Stocks end third straight down day, Nasdaq losses deepen

Stocks finished lower for the third straight session, extending the selloff that took hold late last week and culminating in the Nasdaq's biggest three-day drop since August 2011.

The Russell 2000 (-1.5%) and Nasdaq (-1.2%) led the retreat, while the Dow (-1%) and S&P 500 (-1.1%) didn't fare much better.

Traders say today's decline reflected investor positioning ahead of an expected lackluster series of Q1 earnings reports coming up; earnings among companies in the S&P 500 are expected to decline 1.4%, which if true would mark only the second Y/Y drop in earnings since the financial crisis.

Financial stocks were among the biggest decliners, reflecting expectations for an earnings slowdown; blue-chip tech names such as Cisco and IBM were among the biggest gainers, but many of the fast-growing internet, social media and biotech companies that have been hit hard recently extended their losses.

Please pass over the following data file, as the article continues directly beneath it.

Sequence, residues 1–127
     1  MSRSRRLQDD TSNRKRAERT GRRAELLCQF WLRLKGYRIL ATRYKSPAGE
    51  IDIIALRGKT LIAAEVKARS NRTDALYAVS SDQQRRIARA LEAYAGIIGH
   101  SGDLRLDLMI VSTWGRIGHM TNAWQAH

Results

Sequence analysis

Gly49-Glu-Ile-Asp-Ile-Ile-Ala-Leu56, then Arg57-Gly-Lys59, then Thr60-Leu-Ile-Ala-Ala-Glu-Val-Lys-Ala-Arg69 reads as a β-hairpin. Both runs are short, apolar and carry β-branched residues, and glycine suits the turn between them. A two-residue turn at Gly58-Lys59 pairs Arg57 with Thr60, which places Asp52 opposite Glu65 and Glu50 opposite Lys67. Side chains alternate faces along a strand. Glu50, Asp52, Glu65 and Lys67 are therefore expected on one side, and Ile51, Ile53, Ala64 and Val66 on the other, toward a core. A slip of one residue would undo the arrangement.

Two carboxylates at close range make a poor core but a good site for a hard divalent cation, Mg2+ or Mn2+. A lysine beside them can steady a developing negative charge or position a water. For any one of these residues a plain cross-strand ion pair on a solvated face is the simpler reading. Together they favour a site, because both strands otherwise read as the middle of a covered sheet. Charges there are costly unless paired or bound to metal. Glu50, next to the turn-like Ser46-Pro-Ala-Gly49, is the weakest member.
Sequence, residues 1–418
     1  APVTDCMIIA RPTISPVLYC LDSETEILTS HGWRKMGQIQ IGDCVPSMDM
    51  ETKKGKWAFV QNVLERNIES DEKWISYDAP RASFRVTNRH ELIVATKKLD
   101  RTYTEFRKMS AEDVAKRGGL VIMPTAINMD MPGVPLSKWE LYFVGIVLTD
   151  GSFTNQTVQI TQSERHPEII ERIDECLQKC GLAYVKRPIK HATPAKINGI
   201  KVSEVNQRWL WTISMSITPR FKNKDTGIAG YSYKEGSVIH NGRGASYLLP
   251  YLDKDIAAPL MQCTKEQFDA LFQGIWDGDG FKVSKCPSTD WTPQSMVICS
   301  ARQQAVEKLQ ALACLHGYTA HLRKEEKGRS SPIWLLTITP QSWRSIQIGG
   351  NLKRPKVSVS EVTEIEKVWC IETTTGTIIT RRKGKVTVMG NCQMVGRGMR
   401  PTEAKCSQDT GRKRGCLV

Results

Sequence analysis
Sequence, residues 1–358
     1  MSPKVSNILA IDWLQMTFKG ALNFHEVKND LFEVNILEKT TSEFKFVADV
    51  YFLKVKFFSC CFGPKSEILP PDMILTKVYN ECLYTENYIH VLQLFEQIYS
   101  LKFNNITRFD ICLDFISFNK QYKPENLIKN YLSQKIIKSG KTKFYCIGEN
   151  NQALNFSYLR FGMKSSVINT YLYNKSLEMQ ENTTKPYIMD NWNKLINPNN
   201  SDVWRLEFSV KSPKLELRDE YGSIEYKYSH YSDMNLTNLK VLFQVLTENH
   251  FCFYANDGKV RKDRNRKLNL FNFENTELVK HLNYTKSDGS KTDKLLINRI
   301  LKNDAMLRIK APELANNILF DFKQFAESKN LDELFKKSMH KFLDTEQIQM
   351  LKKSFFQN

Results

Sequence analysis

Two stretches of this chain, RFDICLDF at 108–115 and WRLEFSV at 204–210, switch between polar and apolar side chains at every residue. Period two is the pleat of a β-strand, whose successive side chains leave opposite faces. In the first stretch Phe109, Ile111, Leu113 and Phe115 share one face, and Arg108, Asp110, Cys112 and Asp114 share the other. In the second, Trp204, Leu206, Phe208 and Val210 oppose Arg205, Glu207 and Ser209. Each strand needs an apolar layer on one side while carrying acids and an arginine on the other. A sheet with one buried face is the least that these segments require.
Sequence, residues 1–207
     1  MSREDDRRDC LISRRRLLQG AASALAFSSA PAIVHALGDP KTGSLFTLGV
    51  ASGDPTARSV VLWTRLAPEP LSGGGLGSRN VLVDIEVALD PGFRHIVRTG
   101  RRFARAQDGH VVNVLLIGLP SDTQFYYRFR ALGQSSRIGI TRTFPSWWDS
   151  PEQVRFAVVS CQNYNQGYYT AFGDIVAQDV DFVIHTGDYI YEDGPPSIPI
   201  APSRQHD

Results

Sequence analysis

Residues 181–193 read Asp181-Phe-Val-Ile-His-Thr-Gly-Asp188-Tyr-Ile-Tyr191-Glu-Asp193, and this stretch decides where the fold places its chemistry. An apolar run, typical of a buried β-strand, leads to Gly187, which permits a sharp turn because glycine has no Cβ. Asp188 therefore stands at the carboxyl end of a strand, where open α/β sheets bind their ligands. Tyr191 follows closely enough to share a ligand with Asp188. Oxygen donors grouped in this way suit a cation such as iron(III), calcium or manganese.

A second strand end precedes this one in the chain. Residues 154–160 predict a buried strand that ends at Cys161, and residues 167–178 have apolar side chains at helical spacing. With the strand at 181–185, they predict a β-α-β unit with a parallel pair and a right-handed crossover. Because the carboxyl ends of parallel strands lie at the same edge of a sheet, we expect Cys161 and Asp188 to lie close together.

The dollar edged lower vs. the euro and yen, and the 10-year Treasury yield fell 3 bps to 2.695%.

Comments (4)
  • Nettligent
    , contributor
    Comments (1346) | Send Message
    We have not see the worst many "momentum" stocks and bad earnings will dragging us all down. Correction is inevitable and healthy for our market.
    7 Apr 2014, 08:45 PM Reply Like
  • 1980XLS
    , contributor
    Comments (3360) | Send Message
    Yes, losing money is "healthy"


    That's what asset managers tell their clients after getting them in at the top and/or ridiculous valuations.


    Even when valuations are obscene, they still have to make a living selling every day, ya know.


    Buy, buy , buy! valuations don't matter ($LNKD)
    7 Apr 2014, 09:08 PM Reply Like
  • 1GreatCFA
    , contributor
    Comments (1362) | Send Message
    Speak for yourself. THIS A-manager has 34% cash on hand for when this mini blood bath finishes. Fee taker huh?
    7 Apr 2014, 11:04 PM Reply Like
  • User 8651921
    , contributor
    Comments (145) | Send Message
    Yes losing money is healthy. Its called learning and nothing in life is free. Those asset managers do have to make money and if their clients allow them that luxury then these clients have no one to blame but themselves.


    caveat emptor
    7 Apr 2014, 11:35 PM Reply Like
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